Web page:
Apr 20, 2011 • 4 min read
This post is the first in a three part series from the Coaches’ Zone on coaching competition. Make sure to leave your comments and let us know what you think.
Indeed, a real win is never guaranteed, so it is deservedly gratifying when it is well-earned. There is nothing unnatural about craving and celebrating victory, but to earn a chance at victory we must accept the possibility of defeat. And that can be an emotionally challenging proposition for young athletes. Many of my young players this spring are experiencing real defeat for the first time, because until this season, they’ve played in mostly non-competitive or quasi-competitive leagues where they were led to believe that winning is easy and that losing almost never occurs. They are learning this year, in an older, more talented league, that it’s the other way around.
In many communities, mine included, youth sports start as young as age four or five. Kids start sports at roughly half the age they did a generation ago. To boost these young and fragile egos, we tend to let everyone win, initially. In doing so, we insulate the young ones from losing, because losing is seen as failure, and failure is seen as unpleasant and demoralizing. But eventually, all athletes confront defeat, and when they do they often don’t know what to do. And when winning and losing suddenly become realities, coaches are faced with tricky issues and seemingly unanswerable questions:
I answer all four questions one way: Stress competition over winning.
Coaches can help youth athletes and parents process winning and losing by expanding their understanding of what it means to win and lose. I do this by helping them understand what it means to compete. A coach may or may not ever develop league champions but he or she can always develop competitors. A healthy competitive spirit is far more coachable than a winning record, year in and year out, so I stress competition over winning. I did so even when these athletes played in an ostensibly “non-competitive” league in prior years. This results in a relatively resilient team temperament, and seems to be aiding my squad through this season’s adversity.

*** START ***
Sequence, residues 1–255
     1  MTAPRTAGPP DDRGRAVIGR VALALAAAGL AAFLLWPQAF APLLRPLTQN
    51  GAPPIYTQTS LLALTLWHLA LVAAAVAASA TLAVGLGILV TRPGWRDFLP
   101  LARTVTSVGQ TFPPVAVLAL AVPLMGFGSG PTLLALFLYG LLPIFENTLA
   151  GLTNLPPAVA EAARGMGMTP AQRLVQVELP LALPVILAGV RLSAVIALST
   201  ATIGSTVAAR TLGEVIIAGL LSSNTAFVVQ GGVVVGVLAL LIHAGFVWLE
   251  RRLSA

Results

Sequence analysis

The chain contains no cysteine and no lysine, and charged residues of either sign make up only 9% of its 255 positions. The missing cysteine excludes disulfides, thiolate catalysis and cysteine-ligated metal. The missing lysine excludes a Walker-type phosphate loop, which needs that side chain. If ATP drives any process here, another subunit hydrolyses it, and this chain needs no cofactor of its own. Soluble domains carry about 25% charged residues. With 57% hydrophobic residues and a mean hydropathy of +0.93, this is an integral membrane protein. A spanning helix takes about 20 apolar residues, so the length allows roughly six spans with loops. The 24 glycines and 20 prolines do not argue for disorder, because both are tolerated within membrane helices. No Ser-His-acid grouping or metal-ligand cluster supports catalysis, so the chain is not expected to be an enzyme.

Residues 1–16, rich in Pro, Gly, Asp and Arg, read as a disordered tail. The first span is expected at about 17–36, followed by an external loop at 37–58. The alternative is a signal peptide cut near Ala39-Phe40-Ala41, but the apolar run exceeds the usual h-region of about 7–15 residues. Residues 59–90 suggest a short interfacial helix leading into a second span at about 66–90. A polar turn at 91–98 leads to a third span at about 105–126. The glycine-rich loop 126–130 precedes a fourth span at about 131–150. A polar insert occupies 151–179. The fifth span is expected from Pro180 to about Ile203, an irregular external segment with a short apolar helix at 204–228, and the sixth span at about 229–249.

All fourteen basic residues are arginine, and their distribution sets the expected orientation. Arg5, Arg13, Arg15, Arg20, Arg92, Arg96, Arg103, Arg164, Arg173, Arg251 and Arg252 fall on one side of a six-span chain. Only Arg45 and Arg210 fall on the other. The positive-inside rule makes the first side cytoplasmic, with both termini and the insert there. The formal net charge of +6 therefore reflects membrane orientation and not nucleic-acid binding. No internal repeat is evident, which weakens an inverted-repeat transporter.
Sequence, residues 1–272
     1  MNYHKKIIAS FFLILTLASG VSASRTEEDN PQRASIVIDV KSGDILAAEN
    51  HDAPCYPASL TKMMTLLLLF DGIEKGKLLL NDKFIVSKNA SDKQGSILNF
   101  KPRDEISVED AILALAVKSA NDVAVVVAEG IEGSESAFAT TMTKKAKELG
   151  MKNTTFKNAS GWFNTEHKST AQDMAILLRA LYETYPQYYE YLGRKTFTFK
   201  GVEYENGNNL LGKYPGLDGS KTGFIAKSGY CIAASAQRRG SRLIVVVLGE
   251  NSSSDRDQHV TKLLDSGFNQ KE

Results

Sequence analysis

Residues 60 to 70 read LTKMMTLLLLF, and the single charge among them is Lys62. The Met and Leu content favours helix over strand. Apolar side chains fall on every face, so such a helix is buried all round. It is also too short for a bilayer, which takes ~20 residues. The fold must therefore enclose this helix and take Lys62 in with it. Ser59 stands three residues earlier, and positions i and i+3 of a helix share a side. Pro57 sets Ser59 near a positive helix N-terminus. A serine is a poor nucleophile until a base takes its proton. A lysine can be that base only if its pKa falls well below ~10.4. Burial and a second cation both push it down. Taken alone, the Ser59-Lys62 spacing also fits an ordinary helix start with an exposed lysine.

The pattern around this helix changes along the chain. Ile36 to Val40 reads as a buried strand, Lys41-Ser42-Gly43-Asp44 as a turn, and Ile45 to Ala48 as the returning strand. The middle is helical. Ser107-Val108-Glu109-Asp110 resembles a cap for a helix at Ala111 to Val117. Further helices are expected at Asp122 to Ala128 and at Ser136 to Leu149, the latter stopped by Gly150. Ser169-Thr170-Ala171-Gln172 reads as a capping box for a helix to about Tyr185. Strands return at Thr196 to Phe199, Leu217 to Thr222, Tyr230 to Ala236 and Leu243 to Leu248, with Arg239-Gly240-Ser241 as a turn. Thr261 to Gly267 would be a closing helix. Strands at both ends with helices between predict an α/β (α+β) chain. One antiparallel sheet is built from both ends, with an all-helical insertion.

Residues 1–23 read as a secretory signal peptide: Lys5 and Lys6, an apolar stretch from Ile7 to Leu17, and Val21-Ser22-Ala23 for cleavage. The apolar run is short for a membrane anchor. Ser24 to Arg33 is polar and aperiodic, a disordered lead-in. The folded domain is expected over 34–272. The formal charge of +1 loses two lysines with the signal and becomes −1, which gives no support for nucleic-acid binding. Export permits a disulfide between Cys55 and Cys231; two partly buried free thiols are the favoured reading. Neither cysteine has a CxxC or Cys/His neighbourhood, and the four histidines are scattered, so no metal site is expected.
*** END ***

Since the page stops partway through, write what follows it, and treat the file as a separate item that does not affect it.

Competition, particularly in youth sports, often has a negative connotation. It shouldn’t. All athletes need to develop a healthy sense of competition. Competing and winning are not the same, but some youth sport communities seem to think a competitive league must be a win/loss league. It’s seen as an all-or-nothing choice. The problem is, the transition from “nothing” one year to “all” the next can be emotionally shocking for the unprepared young athlete. Athletes who are properly taught to compete are better equipped to process both victory and defeat. And over time, they’ll experience their fair share of both and enjoy the competitive process along the way.
Competitiveness is a productive athletic mode, an even-keeled mindset that an athlete can develop early. In contrast, winning a game is a fleeting, at times fortuitous, isolated outcome of a variety of factors never entirely under a competitor’s control — sometimes only good fortune or a favorable match-up is the winning determinant. Winning comes and goes; competitiveness endures. Unfortunately, though, whenever winning is over-emphasized in youth sports, competitiveness is frequently seen as the culprit. Competition itself is not the problem; mistaking it for a win-or-we-failed coaching philosophy is.
My next post will address how to help players distinguish competitiveness from the desire to win the game. Have you experienced the all-or-nothing issue between coaching to win and coaching to have fun? How do you approach this and how do you communicate it to your players?
Bruce Reed is a youth sports coach, writer, educator, and father of two. He has coached high school and Little League baseball, youth soccer, basketball, and football and is currently the regional director of Compass Prep.